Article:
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Interventions aimed at changing impulsive choice in rats: Effects of immediate and relatively long delay to reward training
- Fox, Adam E., Visser, Emma J., Nicholson, Alycia M.
- Behavioural processes 2019 v.158 pp. 126-136
- adapted feeding, animal models, conditioned behavior, laboratory animals, rats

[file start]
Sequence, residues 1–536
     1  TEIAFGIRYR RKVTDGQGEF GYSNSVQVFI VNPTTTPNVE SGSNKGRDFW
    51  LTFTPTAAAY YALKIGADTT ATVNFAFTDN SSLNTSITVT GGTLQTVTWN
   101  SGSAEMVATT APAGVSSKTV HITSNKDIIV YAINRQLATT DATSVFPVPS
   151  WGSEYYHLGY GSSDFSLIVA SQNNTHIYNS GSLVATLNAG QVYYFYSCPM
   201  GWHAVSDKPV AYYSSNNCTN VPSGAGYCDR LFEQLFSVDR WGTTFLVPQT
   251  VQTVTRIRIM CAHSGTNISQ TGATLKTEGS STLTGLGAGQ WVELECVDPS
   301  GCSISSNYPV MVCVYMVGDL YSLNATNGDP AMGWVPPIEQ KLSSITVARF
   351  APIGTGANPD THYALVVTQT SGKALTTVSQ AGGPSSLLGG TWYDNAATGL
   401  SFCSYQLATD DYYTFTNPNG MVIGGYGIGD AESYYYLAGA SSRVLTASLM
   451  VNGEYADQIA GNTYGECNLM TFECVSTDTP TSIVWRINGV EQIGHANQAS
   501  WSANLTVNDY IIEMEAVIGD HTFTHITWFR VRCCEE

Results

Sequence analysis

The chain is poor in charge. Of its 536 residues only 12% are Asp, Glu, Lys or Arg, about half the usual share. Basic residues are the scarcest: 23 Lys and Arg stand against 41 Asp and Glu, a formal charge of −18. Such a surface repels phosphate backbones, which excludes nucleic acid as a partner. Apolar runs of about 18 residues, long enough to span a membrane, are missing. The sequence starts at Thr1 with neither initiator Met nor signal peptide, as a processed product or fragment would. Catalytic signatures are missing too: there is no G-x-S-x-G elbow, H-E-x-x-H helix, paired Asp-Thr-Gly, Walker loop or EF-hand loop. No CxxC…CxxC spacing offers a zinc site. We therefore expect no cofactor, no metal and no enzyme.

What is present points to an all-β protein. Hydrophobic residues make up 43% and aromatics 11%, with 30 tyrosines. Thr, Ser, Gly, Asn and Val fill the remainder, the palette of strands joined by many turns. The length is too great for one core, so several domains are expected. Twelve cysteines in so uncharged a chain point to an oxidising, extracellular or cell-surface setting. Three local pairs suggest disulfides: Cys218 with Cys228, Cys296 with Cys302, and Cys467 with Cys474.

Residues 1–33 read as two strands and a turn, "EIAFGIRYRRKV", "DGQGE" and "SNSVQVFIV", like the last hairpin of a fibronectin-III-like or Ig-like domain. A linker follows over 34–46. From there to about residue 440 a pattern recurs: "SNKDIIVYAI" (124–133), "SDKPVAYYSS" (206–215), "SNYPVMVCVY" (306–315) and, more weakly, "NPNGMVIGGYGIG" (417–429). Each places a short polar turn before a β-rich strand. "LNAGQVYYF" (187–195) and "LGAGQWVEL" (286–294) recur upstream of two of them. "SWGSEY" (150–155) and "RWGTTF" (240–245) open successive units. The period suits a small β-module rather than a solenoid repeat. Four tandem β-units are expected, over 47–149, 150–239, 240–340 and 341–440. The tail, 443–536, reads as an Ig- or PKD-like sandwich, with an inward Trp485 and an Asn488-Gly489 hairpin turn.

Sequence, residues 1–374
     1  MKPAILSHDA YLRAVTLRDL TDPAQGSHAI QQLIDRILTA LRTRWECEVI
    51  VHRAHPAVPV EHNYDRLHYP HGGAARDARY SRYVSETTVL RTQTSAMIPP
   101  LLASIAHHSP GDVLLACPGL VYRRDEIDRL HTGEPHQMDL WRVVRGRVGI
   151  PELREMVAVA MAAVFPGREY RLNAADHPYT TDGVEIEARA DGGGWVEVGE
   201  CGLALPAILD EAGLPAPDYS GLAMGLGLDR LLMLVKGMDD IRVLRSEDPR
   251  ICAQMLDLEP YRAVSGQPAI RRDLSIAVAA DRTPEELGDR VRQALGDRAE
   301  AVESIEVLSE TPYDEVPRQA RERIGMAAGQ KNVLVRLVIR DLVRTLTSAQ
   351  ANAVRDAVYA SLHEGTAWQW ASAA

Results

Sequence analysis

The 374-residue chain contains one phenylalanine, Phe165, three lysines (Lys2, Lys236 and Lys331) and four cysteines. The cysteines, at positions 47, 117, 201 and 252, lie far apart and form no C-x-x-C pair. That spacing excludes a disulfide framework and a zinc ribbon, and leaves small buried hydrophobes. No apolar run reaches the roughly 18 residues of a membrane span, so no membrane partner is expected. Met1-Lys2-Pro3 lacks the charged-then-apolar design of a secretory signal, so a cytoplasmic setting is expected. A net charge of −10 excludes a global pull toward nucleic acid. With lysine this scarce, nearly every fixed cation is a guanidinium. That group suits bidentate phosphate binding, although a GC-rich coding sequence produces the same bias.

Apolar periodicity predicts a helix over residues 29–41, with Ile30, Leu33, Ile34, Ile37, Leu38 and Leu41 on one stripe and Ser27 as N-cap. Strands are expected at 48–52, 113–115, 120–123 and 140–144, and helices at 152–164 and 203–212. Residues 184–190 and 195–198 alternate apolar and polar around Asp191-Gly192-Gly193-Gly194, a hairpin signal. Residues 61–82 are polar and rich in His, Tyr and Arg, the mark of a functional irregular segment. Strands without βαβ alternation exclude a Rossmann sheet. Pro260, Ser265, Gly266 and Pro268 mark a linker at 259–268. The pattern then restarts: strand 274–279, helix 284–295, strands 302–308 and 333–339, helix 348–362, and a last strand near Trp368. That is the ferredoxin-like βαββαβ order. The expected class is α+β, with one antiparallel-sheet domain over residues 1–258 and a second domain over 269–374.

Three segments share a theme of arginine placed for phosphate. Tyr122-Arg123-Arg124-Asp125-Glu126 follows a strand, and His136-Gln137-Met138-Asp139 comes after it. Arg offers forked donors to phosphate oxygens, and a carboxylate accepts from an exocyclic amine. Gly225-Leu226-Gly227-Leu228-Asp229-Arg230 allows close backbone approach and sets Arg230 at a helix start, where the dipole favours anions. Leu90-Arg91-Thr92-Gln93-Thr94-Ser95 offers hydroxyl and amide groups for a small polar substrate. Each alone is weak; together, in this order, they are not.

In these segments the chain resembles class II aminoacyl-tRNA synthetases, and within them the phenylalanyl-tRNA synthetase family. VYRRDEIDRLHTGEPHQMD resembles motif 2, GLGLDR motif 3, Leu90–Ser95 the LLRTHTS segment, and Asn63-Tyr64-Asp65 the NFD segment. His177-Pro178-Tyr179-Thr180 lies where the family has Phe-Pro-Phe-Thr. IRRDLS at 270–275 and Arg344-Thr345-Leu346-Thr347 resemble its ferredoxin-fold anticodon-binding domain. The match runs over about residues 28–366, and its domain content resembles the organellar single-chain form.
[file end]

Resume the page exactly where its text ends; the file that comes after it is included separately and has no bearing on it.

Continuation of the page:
- A relatively strong preference for smaller-sooner rewards (SSR) over larger-later rewards (LLR) is associated with a host of maladaptive behavioral patterns. As such, the clinical implications for increasing preference for LLR are profound. There is a growing body of literature that suggests extended exposure to delayed reward may increase preference for LLR in rats. However, questions remain about the underlying mechanism driving this effect and the extent to which extended exposure to immediate rewards may decrease LLR choice. In Experiment 1, we tested effects of a differential-reinforcement-of-low-rates schedule (DRL) to increase LLR choice using a pretest/posttest design with Wistar rats as subjects. We compared this group to a group of rats exposed to a differential-reinforcement-of-high-rates schedule (DRH). The DRH intervention has never been employed in this research context, but explicitly programs an immediate response-reinforcement requirement. In Experiment 2, we tested effects of an intervention with a delay longer than those used in the delay discounting pretest and posttest. No previous research has tested effects of an intervention delay this long, relative to the delay discounting task. We compared this group to a group exposed to a delay that was part of the delay discounting pretest and posttest and to a group exposed to a traditional no-delay, fixed-ratio (FR) 2 control intervention. In both experiments, we found that exposure to delayed rewards in the intervention phase significantly increased LLR choice relative to pretest performance. These findings replicate and extend a growing body of literature showing that delay exposure increases preference for LLR. We also found significant decreases in LLR choice from pretest to posttest in the DRH and no-delay intervention groups in Experiments 1 and 2, respectively. This is the first report of such an effect and has implications for understanding and interpreting effects of delay exposure training in past and future research. Our results also suggested no relationship between improved temporal tracking of reward and increases in LLR choice as a result of delay exposure training.